As a university professor in the Pittsburg State Technology and Workforce Learning Department, Mark Johnson teaches students how to develop and deliver professional presentations.
That’s not always an easy task, given that public speaking is often atop the students’ list of greatest fears.
“Speaking in front of a group of people isn’t hard to do,” Johnson said, “but it can feel like one of the hardest things to do if you’re not prepared.”
And if anyone can prepare students to speak in public, it’s Johnson, who has recently been recognized as one of the most prolific public speakers in the nation.
This summer, Johnson earned the rank of Distinguished Toastmaster by Toastmasters International, a global educational organization that teaches public speaking and leadership skills. The group has more than 310,000 members in 126 countries.
The title of Distinguished Toastmaster is the highest honor bestowed upon its members. Only 1 to 2 percent of Toastmasters members reach that level.
“It’s an incredible honor to receive the title of Distinguished Toastmaster,” Johnson said. “Very few of the members earn that title, and to be among that group is a great source of pride for me.”
Johnson joined Toastmasters in 2008 as a way of improving his own skills and, in turn, becoming a better professor.
“If I’m going to stand up in the classroom and teach university students how to give professional presentations,” he said, “I better be darn good at it myself. I don’t have a communication background, and being a part of Toastmasters has made me a better teacher.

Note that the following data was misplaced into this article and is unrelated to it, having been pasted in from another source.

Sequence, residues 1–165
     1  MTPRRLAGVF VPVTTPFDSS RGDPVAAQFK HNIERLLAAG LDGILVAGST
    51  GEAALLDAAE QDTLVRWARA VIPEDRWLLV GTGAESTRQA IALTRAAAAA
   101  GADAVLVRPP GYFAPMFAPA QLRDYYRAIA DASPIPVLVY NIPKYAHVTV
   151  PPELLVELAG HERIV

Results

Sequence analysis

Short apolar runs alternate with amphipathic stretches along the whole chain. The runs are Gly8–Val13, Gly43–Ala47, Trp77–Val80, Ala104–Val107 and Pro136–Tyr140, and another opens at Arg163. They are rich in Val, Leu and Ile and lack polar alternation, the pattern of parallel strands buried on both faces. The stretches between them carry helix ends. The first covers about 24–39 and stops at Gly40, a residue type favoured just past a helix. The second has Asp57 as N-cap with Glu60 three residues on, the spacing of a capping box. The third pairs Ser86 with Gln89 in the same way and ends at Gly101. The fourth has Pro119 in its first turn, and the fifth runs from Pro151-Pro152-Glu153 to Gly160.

“I’ve learned things as a member of the group that I have been able to pass on to my students, which helps makes them better communicators and better prepared for the workforce,” he said.
Johnson has also used his public speaking skills to represent and advocate for Pitt State at conferences across the country.
Earlier this year, Johnson was invited to speak at a conference for the International Foundation for Employee Benefit Plans. There, he spoke in front of more than 400 executives from around the world. This fall, he’ll again speak to the IFEBP at a conference in Boston.
“This conference will have more than 5,000 members in attendance,” he said.
He has also signed on to give presentations to members of the International Alliance of Theatrical Stage Employees, Moving Picture Technicians, Artists and Allied Crafts of the United States (IATSE), which is a 119,000-member union that represents a variety of trades in the entertainment business.
“IATSE is essentially everyone working behind the scenes on movies, plays, televisions shows and other forms of entertainment,” Johnson said. “They’ve asked me to attend meetings at several locations nationwide to present on how to train their trainers.
“And these are people who are working in the highest forms of entertainment,” he said. “I’ve worked with folks who work alongside Meryl Streep, Amy Adams and many of Hollywood’s biggest names.”
Of all of Johnson’s experiences as a top public speaker, his proudest moments come when he sees his students starting to “get it.”
“You can see when they make that switch and start to feel comfortable in front of the group,” he said. “That’s a wonderful feeling for me, especially since I can still remember what it felt like to be inexperienced and uncomfortable. I know what they’re going through, and I love being able to help them on that journey.”
©2014 Pittsburg State University